California's National Parks in Peril: The Threats of Climate Disruption (Stephen Saunders and Tom Easley, ©The Rocky Mountain Climate Organization and Natural Resources Defense Council, October 2010, all rights reserved)
Condition Assessment and Treatment Recommendations: Live Oak and Evening Star Mines, Mojave National Preserve, San Bernardino County, California (University of Vermont School of Engineering, February 2014)
Desert Landforms and Surface Processes in the Mojave National Preserve and Vicinity USGS Open-File Report 2004-1007 (Philip Stoffer, 2004)
Enjoy the View Visual Resources Inventory Inventory Report: Mojave National Preserve NPS Natural Resource Report NPS/MOJA/NRR–2016/1322 (Mark Meyer and Debra Hughson, October 2016)
From Neglected Space To Protected Place: An Administrative History of Mojave National Preserve (HTML edition) (Eric Charles Nystrom, March 2003)
General Management Plan, Mojave National Preserve (April 2002)
Historic Furnishings Report: Kelso Depot (Sarah H. Heald, 2001)
Historic Structure Report: Kelso Depot: An Oasis for Railroaders in the Mojave (Gordon Chappell, Robert L. Carper, Harold Brown, Steve Hart, Bridget Wanderer, Andrew M. Roberts, Charles Svoboda and Steven E. Daron, January 1998)
History of Water Development for Hole-In-The-Wall Area, Mojave National Preserve NPS Technical Report NPS/NRWRD/NRTR-2002/298 (William Werrell and Paul Summers, July 2002)
Inventory of Amphibians and Reptiles at Mojave National Preserve USGS Open-File Report 2007-1109 (Trevor B. Persons and Erika M. Nowak, 2007)
Junior Ranger, Mojave National Preserve (Date Unknown)
Minerals in the East Mojave National Scenic Area, California: A Minerals Investigation, Volume I MLA 6-90 (August 1990, revised November 28, 1990)
Minerals in the East Mojave National Scenic Area, California: An Economic Analysis, Volume II MLA 6-90 (August 1990, revised November 28, 1990)
Mojave Desert Discovery: An Educator's Guide to the Cultural and Natural History of Death Valley National Monument, East Mojave National Scenic Area, Joshua Tree National Monument, Lake Mead National Recreation Area and Red Rock Canyon National Conservation Area (1994)
Mojave Desert Network Integrated Upland Monitoring: 2012 Pilot Study for Mojave National Preserve NPS Natural Resource Technical Report NPS/MOJN/NRTR—2013/827 (Jean J. Pan and Nita Tallent, November 2013)
Mojave Desert Network Inventory and Monitoring Selected Large Springs: Pakoon Springs 2015-2016 Benthic Macroinvertebrate data NPS Natural Resource Data Series NPS/MOJN/NRDS—2018/1147 (Michael H. Steiner, January 2018)
Mojave Desert Network Selected Large Springs Pilot Study: Texas Spring Springsnail and Benthic Macroinvertebrate Data NPS Natural Resource Data Series NPS/MOJN/NRDS—2014/703 (Geoff J. M. Moret, Christopher C. Caudill and Mary L. Levandowski, September 2014)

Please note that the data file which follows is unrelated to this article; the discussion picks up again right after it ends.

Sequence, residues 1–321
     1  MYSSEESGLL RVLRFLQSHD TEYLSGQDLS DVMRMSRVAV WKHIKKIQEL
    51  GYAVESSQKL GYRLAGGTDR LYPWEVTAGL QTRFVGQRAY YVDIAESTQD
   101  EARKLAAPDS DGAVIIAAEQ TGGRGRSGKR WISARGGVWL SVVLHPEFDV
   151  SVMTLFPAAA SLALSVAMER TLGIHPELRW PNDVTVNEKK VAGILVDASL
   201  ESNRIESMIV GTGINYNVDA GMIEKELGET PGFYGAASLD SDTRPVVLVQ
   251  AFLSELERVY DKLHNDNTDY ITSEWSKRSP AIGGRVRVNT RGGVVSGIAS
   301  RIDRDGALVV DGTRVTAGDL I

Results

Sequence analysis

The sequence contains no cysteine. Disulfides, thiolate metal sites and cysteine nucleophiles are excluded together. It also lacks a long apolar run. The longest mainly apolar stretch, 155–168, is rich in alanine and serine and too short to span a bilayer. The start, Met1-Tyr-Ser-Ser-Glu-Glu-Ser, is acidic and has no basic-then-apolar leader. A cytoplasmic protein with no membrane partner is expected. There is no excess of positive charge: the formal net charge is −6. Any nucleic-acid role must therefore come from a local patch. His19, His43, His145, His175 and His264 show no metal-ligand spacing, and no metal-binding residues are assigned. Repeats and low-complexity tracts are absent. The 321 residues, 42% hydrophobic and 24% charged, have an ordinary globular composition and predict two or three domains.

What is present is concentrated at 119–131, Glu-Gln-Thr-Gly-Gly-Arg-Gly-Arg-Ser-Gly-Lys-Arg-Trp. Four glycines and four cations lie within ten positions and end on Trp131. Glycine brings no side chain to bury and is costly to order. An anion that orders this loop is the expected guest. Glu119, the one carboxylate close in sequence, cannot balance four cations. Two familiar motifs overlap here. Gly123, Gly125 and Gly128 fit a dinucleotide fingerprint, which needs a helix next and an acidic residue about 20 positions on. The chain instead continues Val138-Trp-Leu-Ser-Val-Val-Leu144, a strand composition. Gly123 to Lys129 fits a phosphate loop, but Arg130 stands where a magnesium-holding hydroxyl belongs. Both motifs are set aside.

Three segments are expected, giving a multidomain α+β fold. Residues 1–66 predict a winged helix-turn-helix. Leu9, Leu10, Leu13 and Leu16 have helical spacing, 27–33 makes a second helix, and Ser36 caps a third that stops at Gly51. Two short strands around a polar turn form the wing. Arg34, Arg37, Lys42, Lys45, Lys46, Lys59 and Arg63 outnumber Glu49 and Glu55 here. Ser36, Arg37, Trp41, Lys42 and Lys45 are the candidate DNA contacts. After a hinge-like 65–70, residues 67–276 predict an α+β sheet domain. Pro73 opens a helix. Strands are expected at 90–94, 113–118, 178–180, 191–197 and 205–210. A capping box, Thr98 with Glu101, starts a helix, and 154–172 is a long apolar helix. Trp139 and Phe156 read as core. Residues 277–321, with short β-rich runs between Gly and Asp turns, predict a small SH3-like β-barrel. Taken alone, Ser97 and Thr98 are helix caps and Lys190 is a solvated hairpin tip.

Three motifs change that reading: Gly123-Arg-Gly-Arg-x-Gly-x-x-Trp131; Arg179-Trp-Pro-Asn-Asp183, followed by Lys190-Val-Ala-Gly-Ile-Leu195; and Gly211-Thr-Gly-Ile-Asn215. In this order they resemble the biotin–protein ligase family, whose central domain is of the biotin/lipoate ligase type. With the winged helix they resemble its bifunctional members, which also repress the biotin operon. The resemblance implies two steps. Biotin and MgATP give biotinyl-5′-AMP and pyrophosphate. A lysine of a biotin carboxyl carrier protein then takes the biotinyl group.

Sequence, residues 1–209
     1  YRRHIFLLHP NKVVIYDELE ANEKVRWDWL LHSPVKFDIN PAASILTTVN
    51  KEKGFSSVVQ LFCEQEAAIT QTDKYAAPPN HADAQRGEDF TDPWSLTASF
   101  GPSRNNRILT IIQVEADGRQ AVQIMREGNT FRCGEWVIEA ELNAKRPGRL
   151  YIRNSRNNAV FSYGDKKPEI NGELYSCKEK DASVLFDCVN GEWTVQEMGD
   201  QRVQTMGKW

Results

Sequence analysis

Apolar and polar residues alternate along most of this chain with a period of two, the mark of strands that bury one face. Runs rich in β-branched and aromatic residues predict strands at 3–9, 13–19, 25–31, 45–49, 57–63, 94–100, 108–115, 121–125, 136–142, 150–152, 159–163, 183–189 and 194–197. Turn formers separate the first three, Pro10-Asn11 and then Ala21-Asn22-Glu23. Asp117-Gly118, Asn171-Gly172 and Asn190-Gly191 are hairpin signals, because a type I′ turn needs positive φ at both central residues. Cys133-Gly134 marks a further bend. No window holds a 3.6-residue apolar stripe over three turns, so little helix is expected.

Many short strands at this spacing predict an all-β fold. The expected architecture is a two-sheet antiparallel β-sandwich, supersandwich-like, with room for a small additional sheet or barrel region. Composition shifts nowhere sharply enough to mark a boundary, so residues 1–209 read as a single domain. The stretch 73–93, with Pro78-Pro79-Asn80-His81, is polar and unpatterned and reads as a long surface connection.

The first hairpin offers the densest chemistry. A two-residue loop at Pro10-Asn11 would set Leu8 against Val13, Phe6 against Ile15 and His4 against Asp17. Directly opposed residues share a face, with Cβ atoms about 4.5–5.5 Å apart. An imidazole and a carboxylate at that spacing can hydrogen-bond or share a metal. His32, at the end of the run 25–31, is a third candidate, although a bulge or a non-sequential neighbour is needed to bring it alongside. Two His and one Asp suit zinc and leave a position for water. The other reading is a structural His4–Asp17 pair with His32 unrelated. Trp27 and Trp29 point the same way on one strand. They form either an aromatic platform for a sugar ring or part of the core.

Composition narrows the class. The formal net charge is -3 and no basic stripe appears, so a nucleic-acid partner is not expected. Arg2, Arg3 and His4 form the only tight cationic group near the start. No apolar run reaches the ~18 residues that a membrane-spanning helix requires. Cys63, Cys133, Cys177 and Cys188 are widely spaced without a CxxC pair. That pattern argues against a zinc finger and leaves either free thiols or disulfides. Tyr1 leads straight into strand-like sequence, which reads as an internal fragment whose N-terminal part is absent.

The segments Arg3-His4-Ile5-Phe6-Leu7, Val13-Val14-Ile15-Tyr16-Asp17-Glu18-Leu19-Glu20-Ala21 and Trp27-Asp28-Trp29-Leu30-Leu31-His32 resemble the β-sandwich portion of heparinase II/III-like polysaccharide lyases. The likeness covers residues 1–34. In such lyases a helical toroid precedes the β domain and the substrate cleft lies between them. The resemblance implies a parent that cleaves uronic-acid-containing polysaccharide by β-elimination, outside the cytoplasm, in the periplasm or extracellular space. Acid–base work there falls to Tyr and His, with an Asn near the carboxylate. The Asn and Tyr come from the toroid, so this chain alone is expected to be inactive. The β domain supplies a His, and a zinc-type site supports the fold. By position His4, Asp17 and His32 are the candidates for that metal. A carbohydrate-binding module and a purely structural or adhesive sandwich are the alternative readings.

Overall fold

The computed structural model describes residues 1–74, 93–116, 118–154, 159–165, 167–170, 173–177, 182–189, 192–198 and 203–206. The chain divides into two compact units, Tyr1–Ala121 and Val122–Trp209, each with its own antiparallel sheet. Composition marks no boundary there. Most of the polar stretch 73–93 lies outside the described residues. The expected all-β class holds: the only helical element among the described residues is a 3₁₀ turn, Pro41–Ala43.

Monitoring Ecosystem Quality and Function in Arid Settings of the Mojave Desert USGS Scientific Investigation Report 2008-5064 (Jayne Belnap, Robert H. Webb, Mark E. Miller, David M. Miller, Lelsey A. DeFalco, Philip A. Medica, Matthew L. Brooks, Todd C. Esque and Dave Bedford, 2008)
Museum Management Plan, Mojave National Preserve (Bob Bryson, Lisbit Bailey, Steve Floray, Diane Nicholson and Melanie Spoo, April 2007)
Natural Resource Condition Assessments for Six Parks in the Mojave Desert Network NPS Natural Resource Report NPS/MOJN/NRR-2019/1959 (Erica Fleishman, Christine Albano, Bethany A. Bradley, Tyler G. Creech, Caroline Curtis, Brett G. Dickson, Clinton W. Epps, Ericka E. Hegeman, Cerissa Hoglander, Matthias Leu, Nicole Shaw, Mark W. Schwartz, Anthony VanCuren and Luke Z. Zachmann, August 2019)
Persistence and turnover in desert plant communities during a 37-yr period of land use and climate change (Scott R. Abella, Ross J. Guida, Chris L. Roberts, Carrie M. Norman and James S. Holland, extract from Ecological Monograph, Vol. 89 No. 4, November 2019, ©Ecological Society of America)
Reconstructing the Water Level Record at MC Spring since 1990: Mojave National Preserve NPS Natural Resource Report NPS/MOJN/NRR—2015/1006 (Jennifer L. Bailard and Geoffrey J. M. Moret, August 2015)
Report on a Workshop to Revisit the Mohave Tui Chub Recovery Plan and a Management Action Plan (Debra Hughson and Danette Woo, April 15, 2004)
Science Newsletter: Mojave National Preserve (Sweeney Granite Mountains Desert Research Center) (2009-2021)
The Changing Face of the East Mojave Desert: Abstracts from the 2001 Desert Symposium (Robert E. Reynolds, ed., April 2001)
The Oasis (Mojave Desert Network)
Treatment Report: Stabilization of the Live Oak Mine, Mojave National Preserve, San Bernardino County, California (University of Vermont School of Engineering, April 2015)
Vegetation Classification at Lake Mead National Recreation Area, Mojave National Preserve, Castle Mountains National Monument, and Death Valley National Park: Final Report (Revised with Cost Estimate) NPS Natural Resource Report NPS/MOJN/NRR-2020/2178 (Julie M. Evens, Kendra G. Sikes and Jaime S. Ratchford, October 2020)
Visitor Study: Spring 1997, Mojave National Preserve Visitor Services Project Report 94 (Margaret Littlejohn, November 1997)
Visitor StudyAppendix: Spring 1997, Mojave National Preserve Visitor Services Project Report 94 (Margaret Littlejohn, November 1997)
Visitor StudyAppendix: Fall 2003, Mojave National Preserve Visitor Services Project Report 151 (Yen Le, Margaret Littlejohn and Steven J. Hollenhorst, July 2004)
Handbooks ◆ Books
Last Updated: 17-Sep-2022